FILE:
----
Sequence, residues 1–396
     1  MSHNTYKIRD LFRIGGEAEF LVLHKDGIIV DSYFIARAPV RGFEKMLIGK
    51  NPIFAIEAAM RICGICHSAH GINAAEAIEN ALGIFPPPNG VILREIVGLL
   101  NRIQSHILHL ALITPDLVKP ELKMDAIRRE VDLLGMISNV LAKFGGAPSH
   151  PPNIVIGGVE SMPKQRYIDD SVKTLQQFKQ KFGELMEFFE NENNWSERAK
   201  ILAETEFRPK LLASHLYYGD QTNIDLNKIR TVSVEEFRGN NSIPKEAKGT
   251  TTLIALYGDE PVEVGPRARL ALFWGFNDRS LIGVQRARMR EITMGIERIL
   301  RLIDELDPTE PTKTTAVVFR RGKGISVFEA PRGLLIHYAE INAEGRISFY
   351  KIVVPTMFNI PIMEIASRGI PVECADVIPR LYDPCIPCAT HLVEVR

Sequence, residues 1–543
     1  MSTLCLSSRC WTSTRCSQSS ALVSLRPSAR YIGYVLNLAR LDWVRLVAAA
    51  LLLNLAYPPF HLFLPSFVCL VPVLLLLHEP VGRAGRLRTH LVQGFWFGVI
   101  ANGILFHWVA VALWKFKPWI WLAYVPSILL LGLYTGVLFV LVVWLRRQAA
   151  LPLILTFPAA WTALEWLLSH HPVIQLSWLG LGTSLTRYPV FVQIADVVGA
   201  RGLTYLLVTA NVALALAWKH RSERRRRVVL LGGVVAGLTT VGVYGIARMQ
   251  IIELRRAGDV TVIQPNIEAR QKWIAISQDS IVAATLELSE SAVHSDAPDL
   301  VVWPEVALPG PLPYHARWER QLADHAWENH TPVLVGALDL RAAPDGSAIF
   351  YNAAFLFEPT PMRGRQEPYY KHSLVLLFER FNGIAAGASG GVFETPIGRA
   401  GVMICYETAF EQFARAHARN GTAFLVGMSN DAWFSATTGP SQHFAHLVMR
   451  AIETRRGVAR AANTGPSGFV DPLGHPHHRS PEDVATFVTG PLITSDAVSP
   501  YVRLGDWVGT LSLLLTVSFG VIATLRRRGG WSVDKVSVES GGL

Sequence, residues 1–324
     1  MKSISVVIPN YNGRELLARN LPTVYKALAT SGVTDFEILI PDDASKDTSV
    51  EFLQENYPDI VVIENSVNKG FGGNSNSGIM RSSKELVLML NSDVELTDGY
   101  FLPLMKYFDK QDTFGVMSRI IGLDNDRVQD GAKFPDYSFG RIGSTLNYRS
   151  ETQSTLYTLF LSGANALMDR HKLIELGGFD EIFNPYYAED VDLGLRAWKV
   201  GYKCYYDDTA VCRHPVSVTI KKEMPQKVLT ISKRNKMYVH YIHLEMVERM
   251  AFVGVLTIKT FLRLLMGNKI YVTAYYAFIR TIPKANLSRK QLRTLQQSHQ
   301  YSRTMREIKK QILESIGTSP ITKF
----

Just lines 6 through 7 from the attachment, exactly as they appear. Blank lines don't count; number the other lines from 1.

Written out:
   201  ILAETEFRPK LLASHLYYGD QTNIDLNKIR TVSVEEFRGN NSIPKEAKGT
   251  TTLIALYGDE PVEVGPRARL ALFWGFNDRS LIGVQRARMR EITMGIERIL